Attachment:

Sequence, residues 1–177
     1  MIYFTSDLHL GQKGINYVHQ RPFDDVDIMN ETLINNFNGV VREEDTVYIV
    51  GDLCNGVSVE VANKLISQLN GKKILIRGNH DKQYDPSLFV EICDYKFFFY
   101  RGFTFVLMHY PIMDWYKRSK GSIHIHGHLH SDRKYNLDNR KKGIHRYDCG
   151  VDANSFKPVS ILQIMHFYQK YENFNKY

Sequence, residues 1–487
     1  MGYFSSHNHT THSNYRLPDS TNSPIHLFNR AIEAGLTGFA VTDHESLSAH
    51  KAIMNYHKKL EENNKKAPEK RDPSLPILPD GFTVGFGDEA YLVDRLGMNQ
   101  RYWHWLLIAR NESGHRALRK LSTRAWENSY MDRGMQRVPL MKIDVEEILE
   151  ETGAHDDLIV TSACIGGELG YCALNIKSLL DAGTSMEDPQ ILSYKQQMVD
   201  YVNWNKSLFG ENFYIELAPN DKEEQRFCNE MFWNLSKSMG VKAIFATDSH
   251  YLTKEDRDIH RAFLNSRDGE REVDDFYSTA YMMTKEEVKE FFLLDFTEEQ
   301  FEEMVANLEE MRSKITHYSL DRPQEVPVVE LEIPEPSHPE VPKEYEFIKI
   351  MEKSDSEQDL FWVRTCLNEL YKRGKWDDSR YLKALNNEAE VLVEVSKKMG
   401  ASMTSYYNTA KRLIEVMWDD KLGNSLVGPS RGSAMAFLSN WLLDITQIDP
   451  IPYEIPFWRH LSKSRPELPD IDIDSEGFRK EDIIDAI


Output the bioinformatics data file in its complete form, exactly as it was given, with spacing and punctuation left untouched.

Sequence, residues 1–177
     1  MIYFTSDLHL GQKGINYVHQ RPFDDVDIMN ETLINNFNGV VREEDTVYIV
    51  GDLCNGVSVE VANKLISQLN GKKILIRGNH DKQYDPSLFV EICDYKFFFY
   101  RGFTFVLMHY PIMDWYKRSK GSIHIHGHLH SDRKYNLDNR KKGIHRYDCG
   151  VDANSFKPVS ILQIMHFYQK YENFNKY

Sequence, residues 1–487
     1  MGYFSSHNHT THSNYRLPDS TNSPIHLFNR AIEAGLTGFA VTDHESLSAH
    51  KAIMNYHKKL EENNKKAPEK RDPSLPILPD GFTVGFGDEA YLVDRLGMNQ
   101  RYWHWLLIAR NESGHRALRK LSTRAWENSY MDRGMQRVPL MKIDVEEILE
   151  ETGAHDDLIV TSACIGGELG YCALNIKSLL DAGTSMEDPQ ILSYKQQMVD
   201  YVNWNKSLFG ENFYIELAPN DKEEQRFCNE MFWNLSKSMG VKAIFATDSH
   251  YLTKEDRDIH RAFLNSRDGE REVDDFYSTA YMMTKEEVKE FFLLDFTEEQ
   301  FEEMVANLEE MRSKITHYSL DRPQEVPVVE LEIPEPSHPE VPKEYEFIKI
   351  MEKSDSEQDL FWVRTCLNEL YKRGKWDDSR YLKALNNEAE VLVEVSKKMG
   401  ASMTSYYNTA KRLIEVMWDD KLGNSLVGPS RGSAMAFLSN WLLDITQIDP
   451  IPYEIPFWRH LSKSRPELPD IDIDSEGFRK EDIIDAI